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Robots, a Moonbuggy and More

April 20, 2007 — A moonbuggy, a solar-powered vehicle, an electric skateboard, egg-carrying robots and more will be demonstrated Tuesday, April 24 as the University of Utah’s Department of Mechanical Engineering holds its 10th annual Design Day.

The public and news media are invited to attend the free event, which will run from 9 a.m. to 3 p.m. MDT in the Olpin Union Ballroom.

Activities include presentations and demonstrations of 16 senior design projects, a middle-school trebuchet battle – in which catapult-like devices hurl toy stuffed cougars – the egg-transporting robot event and a race by student-designed mini-vehicles.

One design project, the Moonbuggy, earned the Rookie Award for posting the fastest first-year time in the competition and also won a special safety systems award at the 14th Annual Great Moonbuggy Race on April 13-14 in Huntsville, Ala.

Here is the schedule of Design Day events:

  • 9 a.m. to 3 p.m., fourth-year mechanical engineering students will present and demonstrate their capstone research projects. For details on the projects, including the Moonbuggy, electric skateboard, solar-power vehicle and others, please see:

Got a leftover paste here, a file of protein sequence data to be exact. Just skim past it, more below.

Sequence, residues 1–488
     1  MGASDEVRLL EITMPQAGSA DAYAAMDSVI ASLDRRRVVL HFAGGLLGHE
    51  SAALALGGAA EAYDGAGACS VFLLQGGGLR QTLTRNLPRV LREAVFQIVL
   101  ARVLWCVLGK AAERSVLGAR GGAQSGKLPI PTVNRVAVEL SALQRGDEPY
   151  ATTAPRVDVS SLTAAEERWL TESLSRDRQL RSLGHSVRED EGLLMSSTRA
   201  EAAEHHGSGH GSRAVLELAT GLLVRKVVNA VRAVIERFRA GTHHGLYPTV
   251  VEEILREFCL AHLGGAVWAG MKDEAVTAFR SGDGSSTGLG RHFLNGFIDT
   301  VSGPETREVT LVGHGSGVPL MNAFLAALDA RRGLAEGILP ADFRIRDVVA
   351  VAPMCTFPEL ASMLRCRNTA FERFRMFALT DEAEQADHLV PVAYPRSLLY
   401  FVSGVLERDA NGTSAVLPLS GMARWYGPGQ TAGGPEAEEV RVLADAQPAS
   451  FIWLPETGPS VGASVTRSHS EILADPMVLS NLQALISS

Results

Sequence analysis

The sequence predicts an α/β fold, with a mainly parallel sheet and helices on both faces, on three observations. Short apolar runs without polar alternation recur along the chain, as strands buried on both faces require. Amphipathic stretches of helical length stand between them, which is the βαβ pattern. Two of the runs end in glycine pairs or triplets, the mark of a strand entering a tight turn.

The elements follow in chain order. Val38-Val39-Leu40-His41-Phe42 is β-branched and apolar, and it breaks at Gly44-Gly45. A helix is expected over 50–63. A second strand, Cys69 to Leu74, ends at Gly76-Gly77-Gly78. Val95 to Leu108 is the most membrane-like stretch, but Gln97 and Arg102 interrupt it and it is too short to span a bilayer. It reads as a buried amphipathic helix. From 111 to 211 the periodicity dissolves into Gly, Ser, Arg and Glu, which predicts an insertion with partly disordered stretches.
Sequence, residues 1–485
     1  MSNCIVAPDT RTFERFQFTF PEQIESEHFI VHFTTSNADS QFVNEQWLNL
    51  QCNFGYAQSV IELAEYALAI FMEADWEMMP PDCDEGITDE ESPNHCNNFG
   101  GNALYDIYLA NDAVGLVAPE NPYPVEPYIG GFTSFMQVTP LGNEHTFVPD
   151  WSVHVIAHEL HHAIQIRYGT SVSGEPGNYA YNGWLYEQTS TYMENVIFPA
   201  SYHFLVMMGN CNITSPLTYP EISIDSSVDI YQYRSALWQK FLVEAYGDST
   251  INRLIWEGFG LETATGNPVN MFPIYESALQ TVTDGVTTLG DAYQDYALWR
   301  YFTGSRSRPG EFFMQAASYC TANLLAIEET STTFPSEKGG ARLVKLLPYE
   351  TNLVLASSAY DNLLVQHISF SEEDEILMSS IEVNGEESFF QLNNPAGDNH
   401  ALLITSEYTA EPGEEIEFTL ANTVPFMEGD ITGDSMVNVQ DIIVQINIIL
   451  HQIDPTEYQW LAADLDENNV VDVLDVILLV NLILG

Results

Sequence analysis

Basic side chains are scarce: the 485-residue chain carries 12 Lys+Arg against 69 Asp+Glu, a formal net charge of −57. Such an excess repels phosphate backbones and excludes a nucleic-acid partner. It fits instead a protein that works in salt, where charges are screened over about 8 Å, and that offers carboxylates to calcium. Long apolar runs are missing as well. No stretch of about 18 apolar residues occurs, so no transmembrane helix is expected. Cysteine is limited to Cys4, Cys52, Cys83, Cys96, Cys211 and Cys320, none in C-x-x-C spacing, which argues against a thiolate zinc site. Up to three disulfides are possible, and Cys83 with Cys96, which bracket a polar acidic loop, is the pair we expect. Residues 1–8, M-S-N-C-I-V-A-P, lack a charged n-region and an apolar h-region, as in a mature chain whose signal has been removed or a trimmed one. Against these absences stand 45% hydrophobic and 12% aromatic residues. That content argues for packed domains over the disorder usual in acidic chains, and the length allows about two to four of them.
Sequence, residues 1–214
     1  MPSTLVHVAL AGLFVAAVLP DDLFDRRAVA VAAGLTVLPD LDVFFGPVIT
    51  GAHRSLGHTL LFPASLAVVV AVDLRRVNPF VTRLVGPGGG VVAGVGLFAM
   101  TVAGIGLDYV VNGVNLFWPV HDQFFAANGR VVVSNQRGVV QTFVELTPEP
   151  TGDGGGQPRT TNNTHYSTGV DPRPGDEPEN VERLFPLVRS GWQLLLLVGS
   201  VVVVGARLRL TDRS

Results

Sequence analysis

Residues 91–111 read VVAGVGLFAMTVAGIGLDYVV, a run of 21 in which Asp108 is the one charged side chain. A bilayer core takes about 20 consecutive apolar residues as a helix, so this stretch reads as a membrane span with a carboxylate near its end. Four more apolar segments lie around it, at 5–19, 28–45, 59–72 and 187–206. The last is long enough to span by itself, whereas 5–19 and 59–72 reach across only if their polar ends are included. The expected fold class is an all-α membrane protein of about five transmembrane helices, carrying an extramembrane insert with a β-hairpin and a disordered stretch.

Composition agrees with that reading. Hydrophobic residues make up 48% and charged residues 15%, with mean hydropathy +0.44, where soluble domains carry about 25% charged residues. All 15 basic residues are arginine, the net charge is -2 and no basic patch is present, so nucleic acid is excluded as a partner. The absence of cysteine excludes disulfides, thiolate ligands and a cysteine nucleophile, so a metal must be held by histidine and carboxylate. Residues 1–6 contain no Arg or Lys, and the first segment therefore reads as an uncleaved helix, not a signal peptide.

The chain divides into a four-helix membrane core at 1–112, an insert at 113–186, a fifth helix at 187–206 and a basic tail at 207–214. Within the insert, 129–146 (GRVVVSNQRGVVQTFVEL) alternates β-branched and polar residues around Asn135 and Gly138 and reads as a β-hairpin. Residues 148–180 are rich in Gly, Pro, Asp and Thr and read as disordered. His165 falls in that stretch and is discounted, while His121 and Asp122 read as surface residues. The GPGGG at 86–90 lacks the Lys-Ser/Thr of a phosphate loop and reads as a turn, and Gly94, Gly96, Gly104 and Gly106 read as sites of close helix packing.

• 9:30 to 11 a.m., junior high school teams from around Utah will build trebuchets – catapult-like devices powered by a counterweight. The teams compete for accuracy and distance as they fling toy cougars, the mascot of University of Utah rival Brigham Young University.

  • 10:30 a.m. to noon, transport robots, designed by Mechanical Engineering 1000 students, use the principle of “Conservation of ‘EGG-ergy'” to move as many eggs as possible up a series of ramps. Beware: This event tends to get a bit messy.

  • 1 to 3 p.m., the mechatronics class will hold a race with student-designed mini-vehicles that have no driver and no remote control. The sensor-equipped vehicles smash and crash through a challenging course. At the end of the race, the vehicle that reaches the top of a hill and remains there for at least two minutes wins. The event is known as a Mini DARPA Challenge, named after a bigger race sponsored by the Pentagon’s Defense Advanced Research Projects Agency.

About the Department of Mechanical Engineering

Mechanical engineering is the most extensive of all engineering disciplines, with the widest applicability and greatest flexibility in terms of career paths.

The Department of Mechanical Engineering at the University of Utah is committed to providing students with a broad-based, rigorous and progressive education that empowers each student to play a significant role in the design and manufacturing of products and systems that significantly improve people’s lives and create a better world.

Kent Udell, professor and chair of mechanical engineering, says: “I believe in a future defined by smart people doing good work for the benefit of their communities.”

Udell has inspired the department to take a leadership role in the area of energy sustainability. For more information about the Department of Mechanical Engineering, visit